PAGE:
Edward, father of Haytham and pirate star of AC4, is, by contrast, a breath of, well, at least slightly unwashed air. Much like myself at the start of this game, Edward, even when introduced to the central conflict of the series, gives exactly ZERO fucks about Templars, Assassins, or the ridiculousness of their daily lives and interactions with each other. He's in it for the money, for the freedom, and it's only through the course of the game's story that he, I, begin to care about what's going on. He takes the journey we never experience with his grandson, and in the process endears himself to me in a way that Connor (despite the hatchet/dagger combination which guaranteed my purchase) never did.
While the journey itself is an important, probably the most important, part of the story, it's the responsibility of the ending to tie everything together, to show us something different then we started with. For Connor, that ending never happened. With the final two chapters of his story devoted to the death of his father and the exacting of his revenge, Ubisoft is given the opportunity to make good on its responsibility. It not only doesn't do that, it botches both so completely that result is the light, the filter, through which the rest of the game, and its failures, are exposed. Instead of an epic fight worthy of both combatants, a clash of father and son, grandiose posturing versus high idealism, we get wounded warriors, hurt by cannon fire. It's a clumsy back and forth, it's symbolism of both characters' broken spirits - an equally clumsy metaphor.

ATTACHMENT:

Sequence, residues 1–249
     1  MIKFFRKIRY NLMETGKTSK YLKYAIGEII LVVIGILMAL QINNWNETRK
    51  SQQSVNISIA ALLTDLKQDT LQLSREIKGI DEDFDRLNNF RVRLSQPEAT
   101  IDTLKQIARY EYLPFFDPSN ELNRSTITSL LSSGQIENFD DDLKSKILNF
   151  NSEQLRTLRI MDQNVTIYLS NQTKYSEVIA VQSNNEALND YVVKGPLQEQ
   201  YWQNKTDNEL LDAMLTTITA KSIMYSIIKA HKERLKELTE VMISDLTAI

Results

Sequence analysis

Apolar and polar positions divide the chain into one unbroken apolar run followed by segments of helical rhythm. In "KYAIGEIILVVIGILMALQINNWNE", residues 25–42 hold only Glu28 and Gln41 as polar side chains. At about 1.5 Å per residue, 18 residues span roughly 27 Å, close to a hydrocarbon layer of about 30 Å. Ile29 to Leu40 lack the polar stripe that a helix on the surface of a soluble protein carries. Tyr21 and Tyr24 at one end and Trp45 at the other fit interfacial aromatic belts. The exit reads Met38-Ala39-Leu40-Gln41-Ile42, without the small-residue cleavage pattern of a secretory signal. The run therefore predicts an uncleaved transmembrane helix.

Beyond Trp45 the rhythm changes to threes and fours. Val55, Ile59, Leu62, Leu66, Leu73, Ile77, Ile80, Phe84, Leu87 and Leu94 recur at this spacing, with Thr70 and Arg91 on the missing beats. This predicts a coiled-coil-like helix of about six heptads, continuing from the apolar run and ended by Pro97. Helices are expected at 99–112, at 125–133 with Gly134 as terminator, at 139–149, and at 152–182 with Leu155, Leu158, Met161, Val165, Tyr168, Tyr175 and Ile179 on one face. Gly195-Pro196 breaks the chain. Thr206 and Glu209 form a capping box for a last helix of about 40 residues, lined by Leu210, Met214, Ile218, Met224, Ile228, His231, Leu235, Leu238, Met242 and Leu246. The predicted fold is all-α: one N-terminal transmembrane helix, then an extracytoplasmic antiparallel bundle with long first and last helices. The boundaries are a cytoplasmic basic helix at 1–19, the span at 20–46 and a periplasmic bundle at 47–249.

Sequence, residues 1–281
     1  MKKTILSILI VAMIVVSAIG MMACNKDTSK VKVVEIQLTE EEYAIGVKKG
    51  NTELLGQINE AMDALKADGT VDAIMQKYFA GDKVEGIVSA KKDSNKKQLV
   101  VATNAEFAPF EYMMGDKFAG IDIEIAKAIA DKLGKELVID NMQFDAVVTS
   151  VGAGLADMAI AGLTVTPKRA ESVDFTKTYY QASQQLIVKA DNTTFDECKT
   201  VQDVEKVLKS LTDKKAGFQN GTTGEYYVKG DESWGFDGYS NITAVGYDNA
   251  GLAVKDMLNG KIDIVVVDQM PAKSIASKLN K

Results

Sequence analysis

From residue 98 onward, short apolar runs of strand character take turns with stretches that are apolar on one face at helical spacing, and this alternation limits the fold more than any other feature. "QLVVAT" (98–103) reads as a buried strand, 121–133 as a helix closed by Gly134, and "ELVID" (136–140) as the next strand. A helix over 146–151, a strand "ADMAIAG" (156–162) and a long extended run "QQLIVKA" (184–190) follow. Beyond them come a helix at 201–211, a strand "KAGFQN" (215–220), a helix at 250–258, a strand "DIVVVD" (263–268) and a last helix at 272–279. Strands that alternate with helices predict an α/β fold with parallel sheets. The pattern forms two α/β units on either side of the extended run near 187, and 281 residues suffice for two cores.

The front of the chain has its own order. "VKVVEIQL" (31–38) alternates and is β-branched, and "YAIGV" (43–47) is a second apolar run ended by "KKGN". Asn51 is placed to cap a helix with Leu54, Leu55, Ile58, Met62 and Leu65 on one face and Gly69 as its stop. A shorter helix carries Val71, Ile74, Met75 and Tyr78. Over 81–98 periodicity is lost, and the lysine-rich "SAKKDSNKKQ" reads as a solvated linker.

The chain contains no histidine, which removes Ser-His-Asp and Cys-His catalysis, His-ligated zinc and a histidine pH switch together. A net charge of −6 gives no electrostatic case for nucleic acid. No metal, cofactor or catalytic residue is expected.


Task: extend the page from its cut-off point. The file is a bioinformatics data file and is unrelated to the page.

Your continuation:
It's with great surprise then when this low point is overshadowed by his final encounter with Charles Lee. A chase scene, itself a confusing mess of unclear routes and stumble-inducing civilians, ends with Lee and Connor injured, not dead. The death, comes nearly 5 minutes later, DURING A CUTSCENE, where the two, still injured, share a drink, miles away from the where the chase took place. There's no last words, no final explanation, nothing but a nod to signal Lee's acceptance of his fate. The scene comes with no player agency, no button prompts, nothing to make you even feel that you were a part, or involved in the death of a man you spent the majority of the game working towards.
Juxtapose this to the end of Edward's story. Now fully involved in the conflict, he makes his way through the Observatory, facing guards and climbing puzzles, before the final leap, a plunge through the air and into the heart of Torres, who in his death, both chastised the brash young pirate and offered respect for the depth of his convictions. It was a fitting end, one which engaged the player even after the world faded and the final conversation began. It was a complete 180, and left me with hope for the future of the series.
It's a cautious hope though. Ubisoft has so many hands stirring the pot that I am really not surprised AC3 was an eventual result. Given the history we have explored, and what's known about the coming sequels, I can only sit back and watch as the next chapter takes us into Revolutionary France, away from the comfort of the warm Caribbean and back into the heart of the Europe.
Side Note: Realize that while I said a lot, I probably missed the point of this feature. So... Sailing a pirate ship is rad. Eavesdropping missions still suck. Really liked the Hacking puzzles. Couching the whole thing as a game studio was a great idea. Pirates. Arrrrgggh!
Well, that does it for this edition of The Backlog.
Reviewer and Editor for Darkstation by day, probably not the best superhero by night. I mean, look at that costume. EEK!